Inventing Wine: A New History of One of the World's Most Ancient Pleasures Paperback – 19 Nov 2013
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Thoughtful and provocative, this book shows that the history of wine is as complex as the history of human society. --Esther Mobley
About the Author
Paul Lukacs is the author of American Vintage and The Great Wines of America. A James Beard, Cliquot, and IACP award winner, he has been writing about wine and its cultural contexts for nearly twenty years. He is a professor of English at Loyola University of Maryland, where he directs the University's Center for the Humanities. He lives in Baltimore.
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So well explained
Once you start reading it you just cannot stop
I absolutely loved it
A huge bravo Mr Lukacs
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As other reviewers note, the book is frightfully repetitive. Wine's long history of having a very short shelf life could have been much briefer and replaced with more expansive narrative about its economic role or its role in promoting cross-cultural commerce.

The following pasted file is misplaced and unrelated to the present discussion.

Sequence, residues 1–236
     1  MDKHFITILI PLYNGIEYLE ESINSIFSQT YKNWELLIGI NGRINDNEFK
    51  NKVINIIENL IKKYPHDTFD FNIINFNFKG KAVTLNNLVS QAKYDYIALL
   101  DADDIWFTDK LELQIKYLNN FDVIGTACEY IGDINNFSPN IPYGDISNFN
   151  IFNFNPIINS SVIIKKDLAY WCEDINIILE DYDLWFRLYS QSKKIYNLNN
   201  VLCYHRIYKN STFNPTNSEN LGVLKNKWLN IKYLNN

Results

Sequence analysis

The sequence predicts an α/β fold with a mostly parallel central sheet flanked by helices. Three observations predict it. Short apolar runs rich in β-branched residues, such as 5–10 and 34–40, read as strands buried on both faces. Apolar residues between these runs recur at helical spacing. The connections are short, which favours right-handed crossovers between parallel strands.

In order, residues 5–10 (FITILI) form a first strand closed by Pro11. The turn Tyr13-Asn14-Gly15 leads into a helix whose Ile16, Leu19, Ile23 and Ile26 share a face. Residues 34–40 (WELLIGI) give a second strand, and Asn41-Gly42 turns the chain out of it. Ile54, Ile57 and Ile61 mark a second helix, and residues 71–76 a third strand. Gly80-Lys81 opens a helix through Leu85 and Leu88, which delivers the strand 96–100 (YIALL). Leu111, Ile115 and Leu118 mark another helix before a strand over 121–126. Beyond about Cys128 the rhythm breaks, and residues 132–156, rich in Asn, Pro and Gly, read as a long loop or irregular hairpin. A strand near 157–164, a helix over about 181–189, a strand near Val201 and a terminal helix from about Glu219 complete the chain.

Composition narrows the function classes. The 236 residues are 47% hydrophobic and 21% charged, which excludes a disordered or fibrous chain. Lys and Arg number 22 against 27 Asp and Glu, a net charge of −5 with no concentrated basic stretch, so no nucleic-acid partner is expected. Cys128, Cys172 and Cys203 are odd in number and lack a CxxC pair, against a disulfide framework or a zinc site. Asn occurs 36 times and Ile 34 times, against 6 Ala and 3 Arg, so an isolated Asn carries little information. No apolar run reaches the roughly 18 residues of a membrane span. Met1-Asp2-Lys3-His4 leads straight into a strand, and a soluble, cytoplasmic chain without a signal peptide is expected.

While the book provides a considerable amount of interesting facts, particularly about wines role in early religions, what is most disappointing about the book, is its lack of charm. Its like a dry tannic wine. You can drink it, get a little buzz, but not really enjoy the experience. Wine is meant to bring pleasure. A book about it, should strive for the same.
In the twenty-first century all new non-fiction books must have subtitles. It seems to be a rule. The book publishers do not trust their public to pick up a book and read a few pages. They don't imagine that we can imagine what is inside a book. No, they must spell things out for their dullard customers in a subtitle.